Tuesday, June 19, 2007

Significant Faith - Part 2

We talked yesterday about how significant faith - a faith that can not only withstand adversity, but actually grow through it - is grounded in knowledge. But simply knowing some facts is not enough to produce significant faith. We must DO something with those facts. The first thing we need to do is decide if we assent to or agree with them. This can be a big decision, and it is at this point where so many turn away.

The Apostle John, near the end of his Gospel, wrote:

"These have been written so that you may believe that Jesus is the Christ (or the Messiah), the Son of God; and that believing you may have life in His name" (John 20:31).

John claims to have written historical facts about Jesus of Nazareth in the first Century AD. His purpose in doing so is to produce faith - not blind faith or even passionate wishful thinking, but a fact-based faith of significance. He calls his readers not only to understand what he has written, but to assent to its truth. It is not my intent here to defend the historical accuracy of John's Gospel - others have done so far better than I can. If you're interested, you can read Craig Blomberg's The Historical Reliability of the Gospels, and The Historical Reliability of John's Gospel, and the fantastic new book by Richard Bauckham, Jesus and the Eyewitnesses.

"Assent" implies a decision on our part. Ultimately, assent is an act of the will - as is the opposite, rejection. While believers are sometimes accused of turning off their minds and leaving them at the doors of their houses of worship (and some do!), unbelivers are usually open to the same criticism when they refuse to enter a house of worship in the first place.

Sometimes this willful rejection is simply a matter of failing to examine the evidence for faith critically. Faith in God is not a 'front-burner' issue for most people. The reasons for this attitude are varied, but are always based in an innate desire for people to be in charge of their own lives. If you think you are in control and value that control, it is easy to pass over evidence that there is a God who might want you to change some of your ways. Why pursue something that might lead to uncomfortable conclusions? It doesn't matter that God tells us in the Bible that He intends His sovereignty over our lives for our good (Deuteronomy 10:13); that is a fact left unconsidered.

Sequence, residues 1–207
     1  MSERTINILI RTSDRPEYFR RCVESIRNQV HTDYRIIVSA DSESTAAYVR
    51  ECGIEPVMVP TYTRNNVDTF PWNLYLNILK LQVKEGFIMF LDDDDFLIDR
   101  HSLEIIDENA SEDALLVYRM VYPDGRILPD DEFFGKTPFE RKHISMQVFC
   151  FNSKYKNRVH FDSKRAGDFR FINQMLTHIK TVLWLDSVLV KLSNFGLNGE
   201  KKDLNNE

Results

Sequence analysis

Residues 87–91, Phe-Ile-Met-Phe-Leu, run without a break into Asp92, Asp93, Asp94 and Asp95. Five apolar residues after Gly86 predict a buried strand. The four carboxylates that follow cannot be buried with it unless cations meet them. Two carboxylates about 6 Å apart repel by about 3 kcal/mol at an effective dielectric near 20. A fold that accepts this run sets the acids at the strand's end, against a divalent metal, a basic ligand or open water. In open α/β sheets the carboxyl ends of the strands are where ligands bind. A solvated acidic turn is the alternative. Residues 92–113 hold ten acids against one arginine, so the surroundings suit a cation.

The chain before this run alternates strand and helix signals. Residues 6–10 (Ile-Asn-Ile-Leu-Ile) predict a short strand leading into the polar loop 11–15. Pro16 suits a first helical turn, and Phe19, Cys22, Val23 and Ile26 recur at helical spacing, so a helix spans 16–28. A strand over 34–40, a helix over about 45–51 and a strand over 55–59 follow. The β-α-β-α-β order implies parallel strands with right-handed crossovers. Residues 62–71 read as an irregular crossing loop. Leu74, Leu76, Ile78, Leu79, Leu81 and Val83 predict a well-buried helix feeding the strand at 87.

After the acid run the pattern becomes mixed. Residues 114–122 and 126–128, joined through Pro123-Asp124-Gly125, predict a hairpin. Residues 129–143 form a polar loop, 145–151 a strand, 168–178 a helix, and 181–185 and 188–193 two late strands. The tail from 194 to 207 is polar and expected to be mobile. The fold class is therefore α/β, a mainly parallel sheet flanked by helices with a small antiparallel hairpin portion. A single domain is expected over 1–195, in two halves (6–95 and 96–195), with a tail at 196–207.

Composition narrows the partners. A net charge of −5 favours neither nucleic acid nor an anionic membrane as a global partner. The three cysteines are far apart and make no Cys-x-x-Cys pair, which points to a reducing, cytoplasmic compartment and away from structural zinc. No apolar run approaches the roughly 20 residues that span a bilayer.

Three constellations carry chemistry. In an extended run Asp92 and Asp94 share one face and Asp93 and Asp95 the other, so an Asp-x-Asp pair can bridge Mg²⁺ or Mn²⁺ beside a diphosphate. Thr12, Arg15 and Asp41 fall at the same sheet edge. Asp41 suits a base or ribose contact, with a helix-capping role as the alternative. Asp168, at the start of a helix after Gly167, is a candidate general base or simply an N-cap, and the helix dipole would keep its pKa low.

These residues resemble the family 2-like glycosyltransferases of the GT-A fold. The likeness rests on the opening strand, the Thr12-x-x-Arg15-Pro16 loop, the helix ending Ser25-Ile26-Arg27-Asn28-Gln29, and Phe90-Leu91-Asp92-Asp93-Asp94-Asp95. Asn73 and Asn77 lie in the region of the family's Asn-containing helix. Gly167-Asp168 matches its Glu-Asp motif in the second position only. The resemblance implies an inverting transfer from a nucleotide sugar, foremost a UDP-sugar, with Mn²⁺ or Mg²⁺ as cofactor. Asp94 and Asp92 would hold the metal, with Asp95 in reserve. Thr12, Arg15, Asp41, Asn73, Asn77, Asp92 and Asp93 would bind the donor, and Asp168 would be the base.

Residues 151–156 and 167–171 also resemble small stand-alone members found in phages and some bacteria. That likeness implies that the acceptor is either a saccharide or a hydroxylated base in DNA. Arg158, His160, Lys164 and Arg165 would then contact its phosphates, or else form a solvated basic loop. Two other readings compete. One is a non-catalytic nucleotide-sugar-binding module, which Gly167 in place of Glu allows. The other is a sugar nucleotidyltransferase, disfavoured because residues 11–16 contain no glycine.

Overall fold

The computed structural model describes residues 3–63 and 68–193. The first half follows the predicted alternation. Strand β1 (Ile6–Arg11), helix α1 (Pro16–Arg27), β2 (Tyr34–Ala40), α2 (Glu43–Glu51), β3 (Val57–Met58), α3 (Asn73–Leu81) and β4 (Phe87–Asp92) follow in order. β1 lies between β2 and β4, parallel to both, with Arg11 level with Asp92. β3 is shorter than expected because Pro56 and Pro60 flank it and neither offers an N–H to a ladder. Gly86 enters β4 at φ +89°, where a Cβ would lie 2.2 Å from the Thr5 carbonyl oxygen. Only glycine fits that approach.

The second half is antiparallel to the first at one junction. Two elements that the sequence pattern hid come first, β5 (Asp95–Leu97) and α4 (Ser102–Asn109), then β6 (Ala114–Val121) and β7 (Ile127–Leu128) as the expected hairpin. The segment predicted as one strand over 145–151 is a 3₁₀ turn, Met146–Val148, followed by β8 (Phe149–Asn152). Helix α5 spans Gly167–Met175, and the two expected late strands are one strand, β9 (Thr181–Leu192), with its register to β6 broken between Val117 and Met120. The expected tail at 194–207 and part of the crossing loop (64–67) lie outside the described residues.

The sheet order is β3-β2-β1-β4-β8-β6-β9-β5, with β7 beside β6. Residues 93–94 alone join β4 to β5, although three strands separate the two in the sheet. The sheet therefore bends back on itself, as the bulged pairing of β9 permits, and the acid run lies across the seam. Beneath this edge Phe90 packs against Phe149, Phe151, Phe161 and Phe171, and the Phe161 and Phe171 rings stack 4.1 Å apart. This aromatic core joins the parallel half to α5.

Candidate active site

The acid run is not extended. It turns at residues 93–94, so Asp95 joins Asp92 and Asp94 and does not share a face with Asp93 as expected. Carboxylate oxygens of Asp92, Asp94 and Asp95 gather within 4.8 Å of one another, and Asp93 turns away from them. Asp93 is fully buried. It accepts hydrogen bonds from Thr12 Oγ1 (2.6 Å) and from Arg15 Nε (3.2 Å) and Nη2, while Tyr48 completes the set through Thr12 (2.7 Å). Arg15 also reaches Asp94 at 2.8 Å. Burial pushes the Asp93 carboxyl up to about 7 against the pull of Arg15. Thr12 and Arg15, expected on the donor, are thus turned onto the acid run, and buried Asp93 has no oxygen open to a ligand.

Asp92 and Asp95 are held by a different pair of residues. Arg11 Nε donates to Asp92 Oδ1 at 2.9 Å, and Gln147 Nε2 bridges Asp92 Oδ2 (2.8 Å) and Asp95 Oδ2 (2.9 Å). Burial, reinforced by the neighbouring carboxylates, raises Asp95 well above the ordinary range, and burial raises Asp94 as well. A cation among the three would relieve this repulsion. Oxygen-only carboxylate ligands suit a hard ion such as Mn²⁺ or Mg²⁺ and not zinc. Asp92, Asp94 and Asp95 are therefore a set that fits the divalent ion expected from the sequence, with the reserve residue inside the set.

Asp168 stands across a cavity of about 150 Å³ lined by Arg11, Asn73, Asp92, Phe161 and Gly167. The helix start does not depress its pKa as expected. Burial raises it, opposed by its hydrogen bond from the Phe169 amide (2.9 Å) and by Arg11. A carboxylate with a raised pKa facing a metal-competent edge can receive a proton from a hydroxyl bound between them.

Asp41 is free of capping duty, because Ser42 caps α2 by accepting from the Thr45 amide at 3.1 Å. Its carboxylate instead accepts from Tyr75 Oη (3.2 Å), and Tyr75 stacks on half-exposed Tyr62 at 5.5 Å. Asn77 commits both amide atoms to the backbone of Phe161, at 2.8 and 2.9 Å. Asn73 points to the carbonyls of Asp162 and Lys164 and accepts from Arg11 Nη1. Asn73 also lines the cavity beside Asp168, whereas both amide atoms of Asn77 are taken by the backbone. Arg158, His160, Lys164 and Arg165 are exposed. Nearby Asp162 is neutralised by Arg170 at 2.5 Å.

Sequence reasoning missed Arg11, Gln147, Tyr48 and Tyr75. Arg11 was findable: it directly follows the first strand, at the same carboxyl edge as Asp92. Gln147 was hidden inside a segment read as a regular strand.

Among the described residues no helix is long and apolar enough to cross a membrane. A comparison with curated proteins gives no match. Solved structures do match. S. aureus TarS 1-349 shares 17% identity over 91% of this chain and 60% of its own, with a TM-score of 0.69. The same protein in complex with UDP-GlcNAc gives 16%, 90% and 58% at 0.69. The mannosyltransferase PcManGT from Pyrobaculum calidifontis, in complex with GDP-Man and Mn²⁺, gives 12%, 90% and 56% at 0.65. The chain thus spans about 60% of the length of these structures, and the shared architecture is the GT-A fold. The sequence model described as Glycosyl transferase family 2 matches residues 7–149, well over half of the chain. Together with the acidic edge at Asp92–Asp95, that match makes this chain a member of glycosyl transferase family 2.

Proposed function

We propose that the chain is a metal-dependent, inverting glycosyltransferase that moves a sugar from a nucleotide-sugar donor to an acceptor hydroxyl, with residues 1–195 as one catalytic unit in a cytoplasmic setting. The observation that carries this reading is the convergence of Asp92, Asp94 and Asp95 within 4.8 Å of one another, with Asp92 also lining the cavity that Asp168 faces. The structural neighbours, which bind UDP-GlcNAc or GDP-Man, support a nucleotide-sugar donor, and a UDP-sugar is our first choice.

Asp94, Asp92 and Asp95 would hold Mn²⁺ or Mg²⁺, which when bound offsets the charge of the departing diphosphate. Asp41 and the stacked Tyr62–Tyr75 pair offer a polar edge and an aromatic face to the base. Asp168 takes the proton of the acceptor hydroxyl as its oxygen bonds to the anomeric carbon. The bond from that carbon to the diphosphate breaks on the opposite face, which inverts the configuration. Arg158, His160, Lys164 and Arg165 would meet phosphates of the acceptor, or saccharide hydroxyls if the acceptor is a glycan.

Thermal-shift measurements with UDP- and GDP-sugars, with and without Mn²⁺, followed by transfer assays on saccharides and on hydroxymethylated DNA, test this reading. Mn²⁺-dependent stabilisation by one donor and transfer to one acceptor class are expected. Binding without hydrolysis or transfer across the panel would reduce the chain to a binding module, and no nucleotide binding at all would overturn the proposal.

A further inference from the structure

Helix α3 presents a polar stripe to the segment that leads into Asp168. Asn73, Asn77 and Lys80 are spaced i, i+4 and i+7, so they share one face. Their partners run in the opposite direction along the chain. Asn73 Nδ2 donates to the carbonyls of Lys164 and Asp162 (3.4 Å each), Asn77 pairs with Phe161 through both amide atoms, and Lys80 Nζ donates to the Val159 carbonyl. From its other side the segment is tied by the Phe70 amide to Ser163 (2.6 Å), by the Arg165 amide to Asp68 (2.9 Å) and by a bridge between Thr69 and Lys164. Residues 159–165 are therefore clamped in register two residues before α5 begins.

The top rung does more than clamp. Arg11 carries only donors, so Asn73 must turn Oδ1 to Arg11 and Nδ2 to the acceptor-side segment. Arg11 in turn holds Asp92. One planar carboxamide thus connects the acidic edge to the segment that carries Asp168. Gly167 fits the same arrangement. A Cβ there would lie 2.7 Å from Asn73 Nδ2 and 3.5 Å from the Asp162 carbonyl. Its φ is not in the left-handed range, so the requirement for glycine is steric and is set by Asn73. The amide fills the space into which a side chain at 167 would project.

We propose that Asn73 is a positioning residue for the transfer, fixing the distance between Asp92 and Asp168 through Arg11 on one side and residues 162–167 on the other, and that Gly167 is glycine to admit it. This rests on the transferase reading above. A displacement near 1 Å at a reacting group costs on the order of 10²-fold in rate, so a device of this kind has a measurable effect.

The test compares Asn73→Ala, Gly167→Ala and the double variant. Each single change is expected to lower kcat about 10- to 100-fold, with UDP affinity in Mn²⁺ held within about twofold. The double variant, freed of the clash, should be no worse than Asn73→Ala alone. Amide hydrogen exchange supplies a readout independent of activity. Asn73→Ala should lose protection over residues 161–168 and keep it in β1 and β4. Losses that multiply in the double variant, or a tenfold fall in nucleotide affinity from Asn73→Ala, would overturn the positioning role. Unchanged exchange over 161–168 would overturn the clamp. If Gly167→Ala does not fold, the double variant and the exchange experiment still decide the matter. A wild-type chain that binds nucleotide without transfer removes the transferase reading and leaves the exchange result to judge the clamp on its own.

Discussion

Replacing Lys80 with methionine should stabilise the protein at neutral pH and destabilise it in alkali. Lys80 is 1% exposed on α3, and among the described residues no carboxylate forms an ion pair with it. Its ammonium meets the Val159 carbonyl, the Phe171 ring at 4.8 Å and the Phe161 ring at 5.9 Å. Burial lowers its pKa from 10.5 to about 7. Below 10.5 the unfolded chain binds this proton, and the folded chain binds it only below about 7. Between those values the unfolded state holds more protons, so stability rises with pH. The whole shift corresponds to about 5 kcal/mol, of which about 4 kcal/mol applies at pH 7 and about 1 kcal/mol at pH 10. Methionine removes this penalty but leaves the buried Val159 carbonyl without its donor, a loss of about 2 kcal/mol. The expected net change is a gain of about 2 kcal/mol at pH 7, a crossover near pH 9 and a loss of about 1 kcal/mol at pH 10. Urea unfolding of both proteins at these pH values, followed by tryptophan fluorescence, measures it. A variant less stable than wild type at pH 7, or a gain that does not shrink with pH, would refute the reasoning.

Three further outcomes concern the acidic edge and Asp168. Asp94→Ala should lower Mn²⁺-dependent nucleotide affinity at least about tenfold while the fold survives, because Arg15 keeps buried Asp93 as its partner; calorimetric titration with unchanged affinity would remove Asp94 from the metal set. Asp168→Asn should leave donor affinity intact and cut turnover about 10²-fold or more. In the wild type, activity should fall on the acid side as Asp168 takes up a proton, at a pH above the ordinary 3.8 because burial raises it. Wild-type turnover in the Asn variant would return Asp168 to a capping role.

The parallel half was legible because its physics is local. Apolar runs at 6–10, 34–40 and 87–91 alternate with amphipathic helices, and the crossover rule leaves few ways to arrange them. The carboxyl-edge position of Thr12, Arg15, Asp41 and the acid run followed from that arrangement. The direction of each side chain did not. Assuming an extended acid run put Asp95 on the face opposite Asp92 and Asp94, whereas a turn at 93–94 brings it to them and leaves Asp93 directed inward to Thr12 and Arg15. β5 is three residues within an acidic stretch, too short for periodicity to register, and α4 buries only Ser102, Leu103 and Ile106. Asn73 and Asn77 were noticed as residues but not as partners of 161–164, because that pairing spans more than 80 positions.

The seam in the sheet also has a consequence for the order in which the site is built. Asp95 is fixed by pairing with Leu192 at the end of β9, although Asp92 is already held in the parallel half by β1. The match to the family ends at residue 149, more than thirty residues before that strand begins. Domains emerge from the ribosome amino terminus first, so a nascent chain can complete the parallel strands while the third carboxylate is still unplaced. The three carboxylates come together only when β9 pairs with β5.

Another type of willful rejection can be demonstrated by something I wrote in yesterday's entry. Some physicists (by no means all) who understand the mathematics necessitating "The Singularity" reject it - not on the basis of science, but due to philosophical or (anti-) religious considerations. In this case, rejection includes a thorough examination of the facts. But a strong bias against those facts leads to a lack of assent to their truth. Note, though, that this bias is not based on facts - it is based on one's unwillingness to follow where those facts lead.

The reasons for such considered rejection are ultimately the same as less-considered rejection: a willful decision of denial.

In one of the most profound passages in all of the New Testament, the Apostle Paul writes:

"[Unbelievers] suppress the truth in unrighteousness, because that which is known about God is evident within them; for God made it evident to them. For since the creation of the world His invisible attributes, His eternal power and divine nature, have been clearly seen, being understood through what has been made, so that they are without excuse" (Romans 1:18-20).

If what Paul wrote is true, God has provided ample evidence of His existence - He has made it possible to obtain enough knowledge to warrant significant faith. But Paul says that unbelievers "suppress" this truth. The word "suppress" means to actively push something down. It requires a certain effort - even if faith in God is a "back-burner" issue.

Significant faith requires not only knowledge, but an active assent or agreement that that knowledge is true. The Bible says that God will reward those who seek Him (Hebrews 11:6) and that He is not far from any of us (Acts 17:27). I know in my own experience, coming to significant faith was a process that took place over several months. But the direct cause was reading the Bible with the knowledge that it could just possibly be true. I had done enough investigation to satisfy myself on that point. But, in the end, it was God's active pursuit of me as I was pursuing Him that opened my heart to assent to the truth the Bible contained.

So, I cannot take any credit for my faith. God provided the evidence through His creation of His existence. God provided the historical evidence necessary to conclude that the Bible was reasonably accurate. And it was God's Spirit that whispered and prodded and eventually overwhelmed my natural rejection throughout the process.

If you'd like to explore whether significant faith in the Creator God of the universe is possible, I invite you to begin your investigation today. Make it a 'front-burner' issue. God will reward your efforts, as He did mine.

But this will just be a start. Significant faith entails not only knowledge and assent, it also includes trust and committment. We'll explore those aspects of faith in future blog entries.

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